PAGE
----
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launch an online project that she believes will improve on which she thinks is her father's failure to persuade new yorkers to wear masks. here are the other facts at this hour. president trump is on air force one. his first trip in a month heading to arizona to tour a honeywell plant producing n95 masks and downplaying new scientist models indicating the easing of restrictions and social distancing could lead to a major resurgence in covid-19 cases and deaths across the nation. as the president pushes to reopen the country, a major new poll finds americans widely oppose reopening most businesses and fear infection, believing that the worst is not over. china's state television is calling secretary mike pompeo insane for saying there's enormous evidence the coronavirus originated in a wuhan lab. as dr. fauci is telling the
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national geographic, it could not have been manually manipulated. joining us now, the chief of the global initiatives of at the university of pennsylvania and dr. gupta from the u.s. department of metric sciences. the president is pushing back on a number of models that are projecting a much higher death rate and infection rate. he just said today it's because they're not taking into consideration the mitigation. let me play a little bit of what he said as he's leaving the white house lawn. >> it's a report, and that's a report with no mitigation. so based on no mitigation, there are -- we're doing a lot of mitigation. but there will be social distancing and washing their hands and doing the things you're supposed to do. >> dr. emmanuel, we've seen a
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number of different projections now, university hospital, hopkins projection, that was apparently a work in progress. where do you stand on this? dr. fauci and others say they are concerned the reopening in many parts of the country is too soon without having first achieved those gateways or guidelines. >> well, let's make three points. the first is that, you know, weeks ago now, it even seems like years, dr. fauci and debbie birx had said, you know, between 100,000 to 250,000 cases of coronavirus, that's what they were worried about. we have had the physical distancing, the other public health measures, the abandoning of large gatherings. they've made a difference. but we should note that we're not getting a big decline in our death rate or new cases. we are seeing a plateau and a slow decline, which suggests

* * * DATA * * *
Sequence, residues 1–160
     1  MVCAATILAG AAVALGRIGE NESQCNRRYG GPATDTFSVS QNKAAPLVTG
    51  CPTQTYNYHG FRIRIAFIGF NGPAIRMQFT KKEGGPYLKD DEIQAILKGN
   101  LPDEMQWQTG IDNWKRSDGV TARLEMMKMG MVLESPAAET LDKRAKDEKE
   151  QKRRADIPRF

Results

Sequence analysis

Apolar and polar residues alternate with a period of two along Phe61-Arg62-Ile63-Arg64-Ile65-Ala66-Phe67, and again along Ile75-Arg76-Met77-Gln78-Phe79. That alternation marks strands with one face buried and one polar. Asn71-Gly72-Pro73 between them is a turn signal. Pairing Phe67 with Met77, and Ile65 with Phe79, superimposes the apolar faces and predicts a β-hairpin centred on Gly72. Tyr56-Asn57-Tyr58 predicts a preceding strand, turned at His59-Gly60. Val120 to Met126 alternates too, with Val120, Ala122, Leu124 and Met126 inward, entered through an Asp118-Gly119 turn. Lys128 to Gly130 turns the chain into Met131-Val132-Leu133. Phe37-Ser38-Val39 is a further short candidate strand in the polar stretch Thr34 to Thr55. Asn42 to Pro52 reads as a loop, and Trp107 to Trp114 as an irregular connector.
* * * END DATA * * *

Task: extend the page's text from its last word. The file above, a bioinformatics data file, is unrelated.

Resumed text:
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that there's more that needs to be done in general. we would have expected a steeper decline if people were adhering to that. the second point i would make is that as of last week, everyone was talking about a low number of deaths. four weeks ago mid-march, researchers at stanford were talking about 40,000 deaths. as of friday, ihne had 72,000 deaths on its projected website by august 4th. we were at 65,000 friday. that's clearly a mistake and the model isn't accurate. and now they're up at 135,000 roughly by august 4th. i think we're going -- i predicted on friday we're going to have about north of 120,000 deaths by august. and that also suggests that we're likely to have maybe 250,000 deaths before the end of the year. and that is a huge number.
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that's a sort of 10% increase in the total number of deaths in the country. and it is the case that the actions by georgia, the actions by texas, opening up public places rapidly without even having a decline in the total number of cases and hospitalizations is very premature and not -- not helping. the american public, obviously, is fearful and not following governor kemp and governor abbott and those people. you've seen very low economic activity. that actually creates, andrea, the worst of both worlds. you have public health measures that are less effective because states have opened up and you have die crease in economecreas activity that is not rebounding because people are fearful they need to stay away. so we need to have good public
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health measures and get good economic activity in a very orderly manner. by sending out these contradictory messages, we're not seeing the positive effects. let me just conclude the best thing we can probably do now, and should be a top priority, not higher than vaccines and not higher than testing is protecting the vulnerable populations, especially the elderly. they should be very, very cautious about going out. nursing homes, assisted living homes, nursing homes are peak places, i have been saying this months now. we have to be much more vigorous about that. that will allow us to open up the rest of the population a little more. and i think that's a balancing act and important to communicate that and to get that right. >> let me ask dr. gupta about the models from the university of washington, which was the